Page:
Many twentieth century philosophers have argued that we should reject ‘dualism’ and follow some form of ‘physicalism’. Strangely, the same philosophers often reject panpsychism (the view that everything has a mental aspect). Rejection of panpsychism seems itself to imply a dualism, since it means that some parts of the universe have mental aspects, whatever they might be, and others do not.
My impression is that the whole debate about dualism trivializes the key issues that the philosopher scientists of the seventeenth century tried to explain to us. There are all sorts of dualities within modern physics. Even the most despised ‘substance dualism’ of Descartes is probably a better insight into the way physics works than the simplistic versions clung to by modern ‘physicalists’. Attempts to avoid the label of dualism by proposing a ‘dual-aspect monism’ I suspect achieve little other than further confusion. Dualism means all sorts of different things in different contexts and, like most –isms, is probably best just ignored.
The following are some of the dualities within physics.
1. The job of physics is to explain our experiences in terms of patterns of change. Experience and change form a duality at the heart of physics. Physics has never provided an indication of some sort of ‘solid stuff’ defined in a way independent of experience. It describes the world entirely in terms of the mathematical rules that govern changes and how they link together in a way that generates experiences in a predictable fashion.
2. Modern physics divides dynamic units into two sorts, those that exclude other similar units from their domains (fermions) and those that do not (bosons). This is essentially the difference that Descartes noted between ‘extended matter’ and ‘thinking things’. If thoughts belong to bosons he would seem to have been right. Descartes rarely refers to physics and when he does he seems to use the word to mean the practical matter of engineering. He does not, as far as I know, use the word ‘physical’. I think it is probably a misconception to think that Descartes would have regarded souls as ‘non-physical’.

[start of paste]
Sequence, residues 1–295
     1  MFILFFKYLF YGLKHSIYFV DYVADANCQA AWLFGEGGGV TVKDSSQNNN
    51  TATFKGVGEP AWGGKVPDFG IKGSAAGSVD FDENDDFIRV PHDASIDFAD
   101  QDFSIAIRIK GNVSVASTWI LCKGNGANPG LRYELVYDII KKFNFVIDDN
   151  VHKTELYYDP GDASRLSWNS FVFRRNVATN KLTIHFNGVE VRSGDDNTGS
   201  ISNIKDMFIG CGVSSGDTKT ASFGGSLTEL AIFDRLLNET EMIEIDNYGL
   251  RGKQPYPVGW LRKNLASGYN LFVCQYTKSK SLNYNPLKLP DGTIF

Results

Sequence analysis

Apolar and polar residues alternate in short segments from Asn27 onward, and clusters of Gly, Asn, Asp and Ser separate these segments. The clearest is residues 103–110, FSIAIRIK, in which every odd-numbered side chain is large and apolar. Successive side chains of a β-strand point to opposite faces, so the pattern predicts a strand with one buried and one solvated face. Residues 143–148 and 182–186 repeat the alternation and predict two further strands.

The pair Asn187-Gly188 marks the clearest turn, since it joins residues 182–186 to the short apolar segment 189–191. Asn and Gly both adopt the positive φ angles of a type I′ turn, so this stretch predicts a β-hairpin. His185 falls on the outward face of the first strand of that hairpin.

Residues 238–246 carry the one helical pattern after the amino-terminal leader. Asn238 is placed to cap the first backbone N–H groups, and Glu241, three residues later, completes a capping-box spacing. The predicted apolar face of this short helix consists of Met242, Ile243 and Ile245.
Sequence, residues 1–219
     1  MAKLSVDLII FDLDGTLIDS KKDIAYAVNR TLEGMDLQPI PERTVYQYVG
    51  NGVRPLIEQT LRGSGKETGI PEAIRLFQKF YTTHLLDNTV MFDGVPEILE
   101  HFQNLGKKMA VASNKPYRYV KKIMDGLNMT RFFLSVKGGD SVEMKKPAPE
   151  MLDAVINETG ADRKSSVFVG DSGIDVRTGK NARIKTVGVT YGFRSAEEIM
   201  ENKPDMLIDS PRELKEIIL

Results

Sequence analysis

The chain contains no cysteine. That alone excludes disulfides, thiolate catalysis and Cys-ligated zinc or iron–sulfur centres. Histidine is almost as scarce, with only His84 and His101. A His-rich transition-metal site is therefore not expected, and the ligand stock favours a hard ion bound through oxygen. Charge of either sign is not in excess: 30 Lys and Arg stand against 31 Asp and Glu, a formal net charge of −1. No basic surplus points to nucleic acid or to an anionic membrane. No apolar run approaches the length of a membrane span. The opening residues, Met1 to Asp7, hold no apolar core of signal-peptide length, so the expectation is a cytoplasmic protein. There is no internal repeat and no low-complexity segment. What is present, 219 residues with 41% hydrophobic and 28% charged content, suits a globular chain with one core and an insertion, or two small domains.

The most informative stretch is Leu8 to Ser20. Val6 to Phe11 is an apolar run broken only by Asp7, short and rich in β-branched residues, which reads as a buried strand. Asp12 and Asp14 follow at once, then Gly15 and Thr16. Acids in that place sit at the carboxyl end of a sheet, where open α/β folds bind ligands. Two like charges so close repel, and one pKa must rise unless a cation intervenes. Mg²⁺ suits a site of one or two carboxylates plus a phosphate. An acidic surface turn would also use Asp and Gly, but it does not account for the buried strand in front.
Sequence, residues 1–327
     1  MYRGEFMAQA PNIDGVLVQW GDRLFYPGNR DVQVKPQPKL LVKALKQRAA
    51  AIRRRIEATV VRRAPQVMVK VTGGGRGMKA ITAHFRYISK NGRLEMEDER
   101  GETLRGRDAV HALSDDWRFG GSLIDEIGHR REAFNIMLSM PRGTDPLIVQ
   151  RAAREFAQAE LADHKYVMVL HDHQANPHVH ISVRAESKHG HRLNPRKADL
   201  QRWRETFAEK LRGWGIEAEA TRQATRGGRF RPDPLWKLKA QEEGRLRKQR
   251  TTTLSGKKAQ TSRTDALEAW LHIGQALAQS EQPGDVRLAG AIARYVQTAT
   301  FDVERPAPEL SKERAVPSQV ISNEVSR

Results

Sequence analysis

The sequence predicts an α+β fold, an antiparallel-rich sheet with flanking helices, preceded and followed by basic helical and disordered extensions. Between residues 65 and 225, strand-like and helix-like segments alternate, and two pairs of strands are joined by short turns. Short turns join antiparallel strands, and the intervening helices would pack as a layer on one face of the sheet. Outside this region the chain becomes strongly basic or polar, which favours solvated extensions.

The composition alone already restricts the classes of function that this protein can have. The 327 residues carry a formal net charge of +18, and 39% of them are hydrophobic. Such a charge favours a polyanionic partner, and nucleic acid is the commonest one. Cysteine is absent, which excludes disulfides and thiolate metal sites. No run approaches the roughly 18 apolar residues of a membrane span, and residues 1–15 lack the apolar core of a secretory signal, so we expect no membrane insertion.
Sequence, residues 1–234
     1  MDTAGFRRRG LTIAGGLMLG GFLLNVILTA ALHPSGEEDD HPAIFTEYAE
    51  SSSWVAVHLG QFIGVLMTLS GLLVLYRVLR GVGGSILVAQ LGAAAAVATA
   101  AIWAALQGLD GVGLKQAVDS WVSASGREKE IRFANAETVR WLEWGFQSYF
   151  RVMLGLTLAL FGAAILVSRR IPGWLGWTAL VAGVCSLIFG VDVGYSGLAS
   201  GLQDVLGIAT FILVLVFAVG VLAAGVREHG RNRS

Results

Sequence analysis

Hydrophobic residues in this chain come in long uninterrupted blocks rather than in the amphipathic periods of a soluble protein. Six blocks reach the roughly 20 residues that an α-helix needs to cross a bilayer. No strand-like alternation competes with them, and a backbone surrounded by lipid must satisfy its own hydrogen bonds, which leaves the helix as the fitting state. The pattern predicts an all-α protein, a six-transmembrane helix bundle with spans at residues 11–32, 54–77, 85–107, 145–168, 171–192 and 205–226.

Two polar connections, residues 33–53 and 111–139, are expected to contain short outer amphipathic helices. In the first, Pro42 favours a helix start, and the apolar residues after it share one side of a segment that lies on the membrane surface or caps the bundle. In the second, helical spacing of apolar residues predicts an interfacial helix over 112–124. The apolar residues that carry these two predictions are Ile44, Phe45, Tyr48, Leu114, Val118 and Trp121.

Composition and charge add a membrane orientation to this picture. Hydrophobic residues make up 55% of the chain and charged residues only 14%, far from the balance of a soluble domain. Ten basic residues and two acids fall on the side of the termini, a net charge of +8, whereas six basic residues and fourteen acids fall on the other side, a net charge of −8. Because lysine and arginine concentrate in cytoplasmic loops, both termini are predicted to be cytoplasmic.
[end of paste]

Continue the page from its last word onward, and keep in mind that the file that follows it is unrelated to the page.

3. Past and future form a further duality for physics. The present is an interface between ‘what has happened’ and ‘what is happening’, the descriptions of which take quite different forms. For Whitehead this interface was an ‘occasion’ in which the present takes up or ‘prehends’ the past with the present being the ‘mental pole’ and the past the ‘physical pole’ of the occasion. In modern physics this duality seems to be represented in Schrodinger’s equation by the distinction between the progressing function Psi and the field of potentials V that Psi progresses through.
There are all sorts of other ways of expressing what seems to be a basic duality in any form of physics and which corresponds broadly to what Bohr called complementarity. Both Bohr and Wolfgang Pauli hoped to show that complementarity was a wider principle than just the incompatibility of certain technical descriptions like position and momentum. I think they were right in this and have expanded the idea in the online essay Reality, Meaning and Knowledge.